BIA Holds That Respondent’s Conviction For Assault By Means Of Force Likely To Produce Great Bodily Injury In Violation Of California Penal Code §245(a)(4) Is Categorically For A Crime Involving Moral Turpitude
On March 12, 2021, the Board of Immigration Appeals (BIA or Board) dismissed in part Respondent’s appeal of the decision of the Immigration Judge (IJ) denying his application for cancellation of removal per INA §240(b)(1) and his request for voluntary departure (VD) per INA §240B(b) and ordered the record remanded to the IJ for further consideration of the VD request. The BIA also denied Respondent’s motion to terminate.
Respondent entered the U.S. without inspection and was placed into removal proceedings by a notice to appear (NTA) that did not specify the time or date of his initial hearing; he was thereafter served with a notice of hearing scheduling his court date. Prior to that hearing, Respondent was convicted of assault by means of force likely to produce great bodily injury under California Penal Code §245(a)(4). He subsequently applied for cancellation of removal per INA §240A(b)(1) but the IJ found his conviction to constitute a crime involving moral turpitude (CIMT) which rendered Respondent statutorily ineligible for this relief. The judge also denied his request for voluntary departure (VD).
On appeal, Respondent contended both that he is cancellation eligible as his conviction is not a CIMT and that he is eligible for VD as a matter of discretion. While his appeal was pending, Respondent filed a motion to terminate on the ground that his NTA was defective and thus failed to vest the IJ with jurisdiction over his proceedings because of its failure to specify the date and time of his first hearing.
First noting that it reviews questions of law, discretion, and judgment de novo, the BIA opened its analysis of the Respondent’s eligibility for cancellation by stating that it is his burden to prove that he has not been convicted of a CIMT; to determine whether his conviction qualifies as such, the decision explained that it uses the categorical approach to examine whether the elements of the criminal statute fit within the “general definition” of a CIMT. (An “element” of a statute is conduct that must be “necessarily involved” in an offense.) Looking to a prior precedential decision, Matter of Wu, 27 I&N Dec. 8 (BIA 2017), the Board found that it has previously held that “all forms of assault proscribed by this statute (including assault by means of force likely to produce great bodily injury) necessarily involve reprehensible conduct and a culpable mental state,” the essential elements of a CIMT. Although Respondent was convicted under a prior version of the criminal statute, the opinion concluded that the “operative language” of both versions was identical and thus its reasoning in Matter of Wu regarding the elements of the former section apply with equal force to the current §245(a)(4), e.g., a conviction under either statute requires an intentional violent act with force likely to cause serious bodily injury that, by its nature, will directly and immediately cause “the application of physical force to another”; Wu held that such conduct necessarily involved “a culpable mental state greater than recklessness or criminal negligence,” falling squarely within the definition of a CIMT.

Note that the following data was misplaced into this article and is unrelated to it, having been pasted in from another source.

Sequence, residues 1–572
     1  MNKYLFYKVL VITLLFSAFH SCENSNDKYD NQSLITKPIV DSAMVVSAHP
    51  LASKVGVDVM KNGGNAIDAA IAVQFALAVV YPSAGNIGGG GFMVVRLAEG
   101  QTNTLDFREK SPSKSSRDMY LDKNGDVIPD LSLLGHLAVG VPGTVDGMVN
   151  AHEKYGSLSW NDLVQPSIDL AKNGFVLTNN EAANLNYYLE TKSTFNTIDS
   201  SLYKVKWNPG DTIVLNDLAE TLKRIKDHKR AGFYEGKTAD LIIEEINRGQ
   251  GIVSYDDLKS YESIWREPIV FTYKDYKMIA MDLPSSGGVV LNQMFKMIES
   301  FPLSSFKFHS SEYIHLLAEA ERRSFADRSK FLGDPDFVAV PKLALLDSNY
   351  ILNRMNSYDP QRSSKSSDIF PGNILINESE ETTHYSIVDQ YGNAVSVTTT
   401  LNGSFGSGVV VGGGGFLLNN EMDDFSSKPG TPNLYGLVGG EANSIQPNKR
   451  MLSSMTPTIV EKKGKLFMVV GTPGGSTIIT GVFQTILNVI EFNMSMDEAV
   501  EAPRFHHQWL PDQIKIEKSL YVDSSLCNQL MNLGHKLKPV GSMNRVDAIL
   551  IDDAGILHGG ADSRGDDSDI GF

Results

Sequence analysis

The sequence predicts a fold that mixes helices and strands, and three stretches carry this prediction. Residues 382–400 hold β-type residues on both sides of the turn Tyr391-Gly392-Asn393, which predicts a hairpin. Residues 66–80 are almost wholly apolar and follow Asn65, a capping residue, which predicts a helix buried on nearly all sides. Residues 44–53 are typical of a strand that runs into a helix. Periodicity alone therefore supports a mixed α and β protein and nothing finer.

Of significance, held the BIA, the Ninth Circuit Court of Appeals – where this case arises – “has accorded deference” to Wu’s holding that “assault by means of force likely to produce great bodily injury under former section 245(a)(1) is categorically a crime involving moral turpitude.” Because Wu is controlling, the IJ had correctly determined that Respondent’s conviction under §245(a)(4) is categorically a CIMT.
As to the denial of VD, the Board noted that the IJ had stated that he was denying Respondent’s request in the exercise of discretion but made no findings of fact regarding the relevant favorable and unfavorable factors. It therefore remanded the record for the IJ to “make all necessary findings of fact regarding the favorable and unfavorable factors in this case.” In a footnote, the BIA explained that the IJ had failed to address whether Respondent had been a person of good moral character during the 5 years immediately proceeding the entry of his order; as Respondent’s conviction was over 5 years old, the decision concluded, it fell outside the good moral character period and does not bar him from seeking VD under §240B(b)(1)(B).
Finally, Respondent’s arguments supporting termination based on the defective NTA were foreclosed by intervening Ninth Circuit precedent, so there “is no basis” for terminating proceedings or remanding the record in this regard. Accordingly, the motion to terminate was denied, the appeal dismissed, and the record remanded for further consideration for Respondent’s request for VD. Matter of Aguilar-Mendez, 28 I&N Dec. 262 (BIA 2021).